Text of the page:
GUEST POST – teachergirl73
We finally get to see how Clay and Elena first met and fell in love in Episode 5. The writers stayed fairly close to Kelley Armstrong’s original story, with just a few minor discrepancies. I thought that they did a good job of setting the scene that shows Clay’s desperate plan to keep Elena. Upon Elena and Clay’s arrival at Stonehaven to meet Clay’s family for the first time, Jeremy makes it very clear to Clay that he can’t possibly continue his relationship with Elena. Jeremy’s directive seems very cold and harsh, but this is how the Pack has survived over the centuries. The Pack rules state women are not allowed to have lasting relationships with any members of the Pack, for fear of revealing the existence of werewolves to the human world. This was just too big of a secret to try to hide from humans on a day-to-day basis, as already demonstrated by Elena’s struggle to live in Toronto with Philip. All male children were taken from their mothers at a very young age so that no one could discover the truth. Prior to Elena being bitten, no female werewolf had ever survived the change, so when Clay makes the reckless and desperate choice to change and appear in Jeremy’s study in his wolf form, Elena just thinks he’s a very large dog. She had no idea that her life was about to change forever.
In the book, Clay is banished from Stonehaven for more than a year, while Elena learned how to deal with her new circumstances. The show deviates from the original story again, instead of having Jeremy nurse Elena through the early days of her transition, Clay is also present. In the episode, Clay continually restated that Elena was a survivor and that she will survive this.
The novel does an excellent job of explaining how difficult this process was for Elena, and how Clay’s actions are never really forgiven. This is part of the back story between the two characters that I think the show is going to have a difficult time communicating. In the first few episodes, it is made very clear that Elena has no time for Clay, but what is unfortunately not really shown yet to viewers is that when Elena returns to Stonehaven, she is very conflicted by her feelings for Clay. As mentioned in my early post, we discover her struggle mostly through her inner monologue which is missing.
One character that was introduced in earlier episode, Daniel Santos, makes an interesting return. We first met Daniel when he paid a visit to Logan in Toronto, to say that he wanted to reach out to the Pack. Daniel’s family once belonged to the Pack but after a failed attempt to oust Jeremy as alpha years before, they were kicked out of the family. In the book, there is more back story on Daniel which better explains his obsession with defeating Clay and making Elena his “mate”. At this point in the show, Daniel is offering to work with the Pack to help bring an end to the mutt problem in Bear Valley. In exchange, Daniel wants to return to the Pack.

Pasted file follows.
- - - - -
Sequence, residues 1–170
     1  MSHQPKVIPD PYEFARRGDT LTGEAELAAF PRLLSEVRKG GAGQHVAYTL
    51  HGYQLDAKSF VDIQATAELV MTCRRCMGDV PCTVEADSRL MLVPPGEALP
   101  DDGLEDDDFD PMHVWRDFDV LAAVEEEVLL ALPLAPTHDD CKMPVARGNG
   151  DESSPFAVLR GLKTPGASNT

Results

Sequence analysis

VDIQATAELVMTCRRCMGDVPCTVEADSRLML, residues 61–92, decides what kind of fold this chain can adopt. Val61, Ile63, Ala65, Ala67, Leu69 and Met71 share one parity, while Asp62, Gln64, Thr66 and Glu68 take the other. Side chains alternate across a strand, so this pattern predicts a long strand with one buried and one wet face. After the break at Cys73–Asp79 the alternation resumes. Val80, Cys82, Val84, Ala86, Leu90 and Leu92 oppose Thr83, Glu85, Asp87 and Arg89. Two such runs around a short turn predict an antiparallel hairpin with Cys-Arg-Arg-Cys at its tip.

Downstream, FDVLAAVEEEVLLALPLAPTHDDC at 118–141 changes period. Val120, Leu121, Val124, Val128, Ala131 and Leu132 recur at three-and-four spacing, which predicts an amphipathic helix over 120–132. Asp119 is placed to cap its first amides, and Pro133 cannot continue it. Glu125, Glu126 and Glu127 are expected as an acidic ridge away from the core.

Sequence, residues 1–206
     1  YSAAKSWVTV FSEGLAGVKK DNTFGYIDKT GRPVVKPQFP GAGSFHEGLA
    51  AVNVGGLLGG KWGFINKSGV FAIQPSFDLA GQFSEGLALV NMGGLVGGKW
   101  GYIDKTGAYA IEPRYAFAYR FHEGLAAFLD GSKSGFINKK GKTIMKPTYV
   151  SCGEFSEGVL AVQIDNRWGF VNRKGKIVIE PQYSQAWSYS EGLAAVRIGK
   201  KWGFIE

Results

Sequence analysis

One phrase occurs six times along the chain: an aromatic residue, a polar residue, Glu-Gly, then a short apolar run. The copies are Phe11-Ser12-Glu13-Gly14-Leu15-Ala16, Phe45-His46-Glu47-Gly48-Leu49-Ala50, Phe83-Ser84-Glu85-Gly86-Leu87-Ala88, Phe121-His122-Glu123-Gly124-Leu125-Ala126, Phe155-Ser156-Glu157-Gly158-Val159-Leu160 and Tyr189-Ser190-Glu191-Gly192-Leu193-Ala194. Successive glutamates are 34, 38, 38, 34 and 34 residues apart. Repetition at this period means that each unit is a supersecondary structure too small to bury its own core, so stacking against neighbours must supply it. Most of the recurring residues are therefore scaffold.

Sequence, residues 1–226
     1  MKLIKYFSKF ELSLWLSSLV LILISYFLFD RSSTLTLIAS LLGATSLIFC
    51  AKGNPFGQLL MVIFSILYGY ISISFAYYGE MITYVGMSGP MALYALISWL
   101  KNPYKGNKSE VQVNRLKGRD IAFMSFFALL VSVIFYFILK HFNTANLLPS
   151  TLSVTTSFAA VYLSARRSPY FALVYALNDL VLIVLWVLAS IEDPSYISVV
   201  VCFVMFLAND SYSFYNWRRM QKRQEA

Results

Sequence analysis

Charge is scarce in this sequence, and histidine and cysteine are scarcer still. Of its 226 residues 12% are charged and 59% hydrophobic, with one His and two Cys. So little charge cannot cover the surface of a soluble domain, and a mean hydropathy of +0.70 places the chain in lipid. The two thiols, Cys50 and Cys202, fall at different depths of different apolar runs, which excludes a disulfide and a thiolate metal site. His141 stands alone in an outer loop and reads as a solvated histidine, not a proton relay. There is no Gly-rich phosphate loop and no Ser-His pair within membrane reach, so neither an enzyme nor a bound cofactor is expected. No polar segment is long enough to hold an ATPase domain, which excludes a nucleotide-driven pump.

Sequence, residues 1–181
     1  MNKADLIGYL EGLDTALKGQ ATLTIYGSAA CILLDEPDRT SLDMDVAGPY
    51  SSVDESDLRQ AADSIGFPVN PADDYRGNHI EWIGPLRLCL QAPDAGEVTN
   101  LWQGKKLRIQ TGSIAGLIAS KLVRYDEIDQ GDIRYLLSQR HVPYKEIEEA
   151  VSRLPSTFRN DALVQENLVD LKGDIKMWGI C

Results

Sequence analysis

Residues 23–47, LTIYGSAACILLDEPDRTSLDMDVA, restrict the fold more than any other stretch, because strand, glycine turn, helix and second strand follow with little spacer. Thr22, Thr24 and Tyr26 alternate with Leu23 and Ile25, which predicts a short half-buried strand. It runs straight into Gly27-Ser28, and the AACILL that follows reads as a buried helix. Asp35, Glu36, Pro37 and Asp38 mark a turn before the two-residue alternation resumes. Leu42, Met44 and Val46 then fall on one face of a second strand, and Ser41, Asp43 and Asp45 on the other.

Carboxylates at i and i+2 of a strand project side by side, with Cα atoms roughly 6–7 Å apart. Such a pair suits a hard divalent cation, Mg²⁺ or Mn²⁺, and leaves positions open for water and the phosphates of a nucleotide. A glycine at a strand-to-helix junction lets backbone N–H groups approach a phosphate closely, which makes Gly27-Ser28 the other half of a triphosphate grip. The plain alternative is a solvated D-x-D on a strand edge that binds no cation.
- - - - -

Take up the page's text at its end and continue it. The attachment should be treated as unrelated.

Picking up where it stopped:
Another new character in this episode is Victor Olsen, who is a convicted pedophile who has been released back into the community. One of the first people he encounters on the outside is Zachary Cain, who we know to be one of the mutts threatening the Pack. He offers Olsen a chance to seek revenge on his victims by going after Elena Michaels. I have to admit when I first saw this scene, I didn’t really understand where they were going with it. In the novel, the first time the Pack meet the “new” mutts are through the various attacks in Bear Valley. It isn’t until Episode 6, that it becomes clear that there is another connection between the Pack and Olsen.
In Episode 6, the show deviates completely from the original. For die-hard fans of the novel, this episode might be too much to handle because the show’s storyline has truly become its own. If, however, I hadn’t read the book, this episode would certainly fill in some missing blanks.
Elena has returned to Toronto and her human life. She feels that her commitment to the Pack is complete, and as a result, she asked Jeremy not to call her back to Stonehaven. All seems to be going swimmingly well, except for the fact that Daniel Santos makes another appearance, this time at the wedding of Philip’s sister. We get to see more clearly in this episode Elena’s distaste for Daniel, and we also get to see a little more of his darker side. The show did a good job of casting, as I find Daniel to be very creepy, but it’s hard to say how much of that feeling is based on the actor’s performance or because I have prior knowledge of the character.
Another big departure from the original story is the connection between Olsen and Elena. In a conversation with Philip, Elena reveals that she was abused as a child at the hands of Olsen, who was a neighbour of one of her foster families. Elena’s testimony helped to get Olsen convicted. So now, it becomes a little bit clearer as to how Olsen will be a new threat in episodes to come. In the book, Elena is a survivor of sexual abuse, but not from Olsen, the abuse came from her foster families and was mostly insinuated rather than told explicitly. Eventually, Elena learns to defend herself, and works very hard to leave her experiences in the foster system behind. Elena’s awful childhood is one of the reasons that Clay recognizes her as a fellow survivor.
The most shocking new development in the show is the discovery that Logan’s girlfriend is pregnant. Given that in the book, Logan is long gone by this point, it is going to be very interesting to see where the show goes with this new development. Will Logan be faced with the heartbreaking choice to tear his new-born child from the arms of the woman he loves, never to see her again? Or will he try to live in the human world? What will Jeremy have to say about this new development?
I guess that I’ll have to keep watching to find out!